White House abandons gun legislation
By Josh Dawsey, Washington Post

WASHINGTON — President Trump has abandoned the idea of releasing proposals to combat gun violence that his White House debated for months following mass shootings in August, according to White House officials and lawmakers, a reversal from the summer when the president insisted he would offer policies to curb firearm deaths.

Trump has been counseled by political advisers, including campaign manager Brad Parscale and acting chief of staff Mick Mulvaney, that gun legislation could splinter his political coalition, which he needs to stick together for his reelection bid, particularly amid an impeachment battle.

The president no longer asks about the issue, and aides from the Domestic Policy Council, once working on a plan with eight to 12 tenets, have moved on to other topics, according to aides who spoke on the condition of anonymity to describe the private deliberations.

Four White House officials said there haven’t been substantive discussions in weeks. And a person close to the National Rifle Association said discussions between the White House and the group have gone silent in a sign that the powerful gun lobby is no longer concerned the White House will act. Trump was pressed repeatedly by NRA President Wayne LaPierre this summer and early fall to not propose any gun control measures.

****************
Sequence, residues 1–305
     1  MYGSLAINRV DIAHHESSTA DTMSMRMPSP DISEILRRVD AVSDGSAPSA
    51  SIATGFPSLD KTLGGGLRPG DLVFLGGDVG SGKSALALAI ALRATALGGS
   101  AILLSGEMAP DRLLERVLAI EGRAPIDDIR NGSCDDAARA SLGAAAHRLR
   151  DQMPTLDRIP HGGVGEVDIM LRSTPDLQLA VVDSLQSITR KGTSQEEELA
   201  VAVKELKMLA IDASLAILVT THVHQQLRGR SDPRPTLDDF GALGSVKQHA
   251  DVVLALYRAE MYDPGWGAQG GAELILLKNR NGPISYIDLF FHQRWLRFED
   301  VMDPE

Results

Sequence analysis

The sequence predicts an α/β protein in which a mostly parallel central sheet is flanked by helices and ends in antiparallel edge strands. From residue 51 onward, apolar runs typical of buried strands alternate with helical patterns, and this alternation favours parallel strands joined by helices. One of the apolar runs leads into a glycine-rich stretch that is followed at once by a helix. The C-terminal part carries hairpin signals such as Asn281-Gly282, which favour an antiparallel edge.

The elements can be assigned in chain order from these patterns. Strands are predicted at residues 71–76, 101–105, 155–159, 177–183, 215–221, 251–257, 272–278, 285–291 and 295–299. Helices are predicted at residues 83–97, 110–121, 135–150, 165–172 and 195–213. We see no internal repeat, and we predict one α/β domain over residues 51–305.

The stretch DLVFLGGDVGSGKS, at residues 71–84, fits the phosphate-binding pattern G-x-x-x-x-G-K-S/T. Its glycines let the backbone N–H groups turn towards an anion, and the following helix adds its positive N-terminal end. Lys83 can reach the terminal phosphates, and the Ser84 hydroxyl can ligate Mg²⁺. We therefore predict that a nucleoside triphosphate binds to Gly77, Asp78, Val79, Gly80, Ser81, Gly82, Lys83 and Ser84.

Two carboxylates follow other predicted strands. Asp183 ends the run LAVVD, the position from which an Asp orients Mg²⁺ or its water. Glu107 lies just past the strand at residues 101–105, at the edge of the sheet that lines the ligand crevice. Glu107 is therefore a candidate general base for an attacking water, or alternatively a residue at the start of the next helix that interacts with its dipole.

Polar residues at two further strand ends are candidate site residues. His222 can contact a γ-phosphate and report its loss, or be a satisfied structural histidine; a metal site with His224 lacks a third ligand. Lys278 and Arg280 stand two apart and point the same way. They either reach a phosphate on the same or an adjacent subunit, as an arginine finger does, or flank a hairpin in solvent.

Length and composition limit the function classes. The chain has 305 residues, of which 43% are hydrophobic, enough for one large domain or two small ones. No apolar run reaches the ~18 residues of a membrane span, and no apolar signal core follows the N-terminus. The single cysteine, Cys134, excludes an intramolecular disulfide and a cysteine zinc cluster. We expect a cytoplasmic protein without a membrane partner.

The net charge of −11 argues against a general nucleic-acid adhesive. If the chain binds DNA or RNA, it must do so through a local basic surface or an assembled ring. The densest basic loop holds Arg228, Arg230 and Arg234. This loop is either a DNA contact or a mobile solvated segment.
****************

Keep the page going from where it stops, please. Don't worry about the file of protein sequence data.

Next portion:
‘‘President Trump quietly moved gun control to the side and let it be replaced by breaking news,’’ said Dan Eberhart, a major GOP donor who said Trump is better off not advancing proposals at this time. ‘‘I suspect that was the plan all along.’’

The White House’s position is a marked, if not wholly unexpected, change from when the president vowed he would make a push to pass more restrictive laws after two gunmen killed scores of people in Dayton, Ohio, and El Paso in early August, creating national outrage.

Trump repeatedly said he was a supporter of more aggressive background checks, would consider ‘‘red flag’’ laws that allow authorities to temporarily take weapons away from someone deemed a danger, and frequently mentioned the need to focus on mental health as it relates to gun violence.

He made a flurry of calls to lawmakers while crossing the country to visit victims and said he would be willing to go against the desires of the NRA.

In the face of skepticism that he would not push hard for gun restrictions his party has long opposed, Trump insisted he was serious about the issue and would release proposals.

Several senators working with Trump on gun proposals said they have not been involved in any recent talks.